UPDATE: According to Atom Tickets’ Alisha Grauso, the studio is not retitling Birds Of Prey, but instead allowing theater chains to modify the name on their websites in order to help optimize search engine results as per this tweet –
Update on the #BirdsofPrey title change: It's apparently for display/search purposes only for vendors and theaters, not an official title change. Just to clarify for those of you writing about it. 🤷🏻♀️
— Alisha Grauso (@AlishaGrauso) February 11, 2020
The original story ran as follows –
Even though it may have underperformed at the box office its opening weekend, the comic book adaptation Birds Of Prey (And The Fantabulous Emancipation Of One Harley Quinn) is still most likely on a path to profitability. But that isn’t stopping its studio Warner Brothers from hedging its bets slightly by giving the film a new title, placing its main anti-hero front and center in the marketing.
A look at the online ticket portals for the three biggest North American theater chains – Cinemark, Regal and AMC – is showing that Birds Of Prey is now appearing as Harley Quinn: Birds Of Prey to potential ticket buyers.
As of publication, this name change has yet to matriculate down to the major online brokers such as Fandango and Atom Tickets, but I would expect it to happen over the next day or two, with updated key art in the form of new posters and such coming from the studio as quickly as they can print and ship them.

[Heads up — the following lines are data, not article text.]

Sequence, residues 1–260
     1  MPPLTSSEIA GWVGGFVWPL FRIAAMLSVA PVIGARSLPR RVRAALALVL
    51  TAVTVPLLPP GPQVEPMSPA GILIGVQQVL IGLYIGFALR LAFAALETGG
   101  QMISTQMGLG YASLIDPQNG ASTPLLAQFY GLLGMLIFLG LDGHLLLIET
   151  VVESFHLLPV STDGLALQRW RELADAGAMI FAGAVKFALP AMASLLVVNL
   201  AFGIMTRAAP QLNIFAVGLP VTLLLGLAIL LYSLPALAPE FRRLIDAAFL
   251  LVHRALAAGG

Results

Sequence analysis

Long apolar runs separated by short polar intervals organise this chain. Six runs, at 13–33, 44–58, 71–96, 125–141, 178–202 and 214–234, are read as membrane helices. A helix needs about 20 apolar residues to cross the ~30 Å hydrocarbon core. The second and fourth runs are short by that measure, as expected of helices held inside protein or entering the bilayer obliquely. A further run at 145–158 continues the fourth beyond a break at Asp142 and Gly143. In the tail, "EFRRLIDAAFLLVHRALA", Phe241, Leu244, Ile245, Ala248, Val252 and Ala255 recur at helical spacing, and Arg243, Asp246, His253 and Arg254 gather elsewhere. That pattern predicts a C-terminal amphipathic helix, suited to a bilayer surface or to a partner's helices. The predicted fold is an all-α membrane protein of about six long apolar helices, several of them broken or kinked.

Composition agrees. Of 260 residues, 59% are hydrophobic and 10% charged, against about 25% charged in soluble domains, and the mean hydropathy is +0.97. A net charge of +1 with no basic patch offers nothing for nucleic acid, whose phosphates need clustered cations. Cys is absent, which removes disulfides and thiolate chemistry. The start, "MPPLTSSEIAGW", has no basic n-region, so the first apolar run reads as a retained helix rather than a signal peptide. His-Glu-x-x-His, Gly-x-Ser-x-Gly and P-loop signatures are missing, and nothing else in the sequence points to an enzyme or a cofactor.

This is not the first time in recent memory that Warners has retitled a movie after it has been released. When it came time to release the 2014 time travel action film Edge Of Tomorrow with Tom Cruise on home video, the studio fully emphasized the film’s tagline of “Live. Die. Repeat.” on the packaging, subtly rebranding the film as Live Die Repeat: Edge Of Tomorrow.
But changing the name on Birds Of Prey is something that should have happened a long time ago. From the outset, the script should have made it very clear that the centerpiece of the film was Margot Robbie’s Harley Quinn character. As Harley was one of the few liked elements of 2016’s Suicide Squad, making her the lead of a film and advertising that fact certainly seems like a good idea. So why would you then title the film after the group of superheroines who fill more of a supporting role in the overall narrative? The title was most likely a bad idea from the start.
The only reason I can think of for Harley’s name being buried so deep in the title – and admittedly I may be overthinking this here – actually springs from the character arc that Harley goes on. When the film starts, she is just breaking up with her longtime boyfriend, the Joker. But in that relationship, she was always the subordinate and never an equal partner with her psychotic paramour. Even though this her story being told from her point of view, it makes a certain sense that Harley positions herself second in the title behind that of her new friends. But it doesn’t make for good marketing.